Government's efforts to spur economic growth
lengthen the qualifying period for unfair dismissal claims and
streamline Employment Tribunal procedures.
In April 2012, a number of changes to UK employment law will be
introduced. This LawFlash explains the changes and examines the
possible implications for UK employers.
The current UK government launched its Growth Review in November
2010, which aims to further economic prosperity in the UK. As part
of this effort, the government intends to change the UK's often
lenient employment law to remove barriers to recruitment and
support employers' and employees' efforts to resolve
disputes at an earlier stage. The government also wants to ensure
that businesses feel more confident when hiring new staff.
The government launched a consultation on Resolving Workplace
Disputes in January 2011, which led to a number of proposed
changes. This April, the first of those changes will come into
Key Change: Unfair Dismissal
On 6 April 2012, the qualifying period for unfair dismissal will
increase from one to two years. This means that new hires will have
to wait longer to receive statutory protection against unfair
The change only affects new staff employed on or after 6 April
2012. As such, a number of employers will have taken advantage of
this change by postponing start dates until after 6 April.
It is anticipated that employees who do not meet the service
requirement but who want to bring a claim in any event may use
other routes — such as discrimination or whistleblowing
— to ensure their claims are not barred by this change in
the law. This practice already happens with employees who do not
meet the one year service requirement and, therefore, the
incidences of other claims with no minimum service requirements may
The rest of the April 2012 changes affect Employment Tribunal
practice and procedure and, as such, their impact on employers may
not be felt immediately. The changes are summarised below and will
affect all cases presented on or after 6 April 2012 or, in the case
of judges sitting alone on unfair dismissal claims, all cases heard
on or after 6 April 2012.
Witness statements will be "taken as read" unless the
Employment Tribunal directs otherwise. This means that the
Employment Tribunal will read the statements rather than have the
statements read out loud to the Tribunal by the witnesses. This
change should speed up proceedings.
The maximum amount of costs an Employment Tribunal can award
will increase from £10,000 to £20,000. In addition, the
rules on deposit orders — which a party can be ordered to
pay if their case has little reasonable prospect of success
— will be changed to increase the maximum deposit from
£500 to £1,000. As both cost awards and deposit orders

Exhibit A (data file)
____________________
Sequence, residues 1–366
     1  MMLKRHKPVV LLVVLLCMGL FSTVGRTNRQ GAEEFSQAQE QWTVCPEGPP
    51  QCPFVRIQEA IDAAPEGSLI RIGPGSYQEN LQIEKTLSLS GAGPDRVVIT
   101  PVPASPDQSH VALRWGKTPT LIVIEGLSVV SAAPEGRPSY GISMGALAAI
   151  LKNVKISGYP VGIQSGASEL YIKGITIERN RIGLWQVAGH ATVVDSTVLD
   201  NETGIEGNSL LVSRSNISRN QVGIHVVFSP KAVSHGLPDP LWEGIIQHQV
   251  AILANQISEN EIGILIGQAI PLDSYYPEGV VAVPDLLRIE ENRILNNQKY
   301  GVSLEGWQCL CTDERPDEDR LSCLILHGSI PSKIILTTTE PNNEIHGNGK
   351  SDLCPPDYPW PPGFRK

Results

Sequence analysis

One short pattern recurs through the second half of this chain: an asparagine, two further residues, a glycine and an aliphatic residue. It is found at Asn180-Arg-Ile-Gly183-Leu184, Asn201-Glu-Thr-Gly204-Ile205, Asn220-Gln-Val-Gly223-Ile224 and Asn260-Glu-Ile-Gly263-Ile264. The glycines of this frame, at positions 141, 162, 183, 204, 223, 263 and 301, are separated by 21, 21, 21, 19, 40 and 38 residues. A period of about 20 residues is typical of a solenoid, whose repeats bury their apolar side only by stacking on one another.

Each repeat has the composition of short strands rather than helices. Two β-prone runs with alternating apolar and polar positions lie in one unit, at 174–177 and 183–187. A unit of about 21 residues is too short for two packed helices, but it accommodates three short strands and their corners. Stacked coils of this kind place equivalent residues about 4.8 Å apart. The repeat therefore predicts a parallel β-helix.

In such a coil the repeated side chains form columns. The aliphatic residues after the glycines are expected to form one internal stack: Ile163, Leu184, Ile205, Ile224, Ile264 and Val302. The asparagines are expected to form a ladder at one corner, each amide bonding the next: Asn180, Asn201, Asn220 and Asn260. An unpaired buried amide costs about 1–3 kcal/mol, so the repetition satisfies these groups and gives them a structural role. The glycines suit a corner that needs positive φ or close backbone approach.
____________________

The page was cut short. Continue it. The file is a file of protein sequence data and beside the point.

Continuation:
are rarely made by Tribunals, the effect of these changes may be
minimal. However, it should increase their deterrent value.
Employment Tribunal judges will sit alone on unfair dismissal
claims without any lay members unless the judge orders otherwise.
Currently, two lay members sit alongside the judge. Typically,
however, a claimant will bring a number of Tribunal claims rather
than just an unfair dismissal claim alone; hearings of those
multiple claims will not be affected by the change.
The payment of state-funded expenses for a witness's
attendance at the Tribunal will be withdrawn. As an alternative,
Employment Tribunals will have a general discretion to order any
party to pay any witness's expenses. The government had
envisaged that only parties calling a witness pursuant to a witness
order could be ordered to cover that witness's costs, but the
amendment instead gives the Tribunals general discretion.
A number of future changes have also been proposed, including
the introduction of fees for bringing a claim, a focus on early
conciliation of claims by ACAS (the UK's Advisory, Conciliation
and Arbitration Service), and financial penalties for employers
that lose Tribunal claims. Morgan Lewis will bring you further
LawFlash updates as these changes are introduced.
Copyright 2012. Morgan, Lewis & Bockius LLP. All Rights
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and it should not be construed as imparting legal advice on any
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On 23 June 2016, the UK will vote on whether to remain a member of the EU. The possibility of the UK leaving the EU raises some fundamental questions, the answers to which could have significant implications on employment law in the UK.
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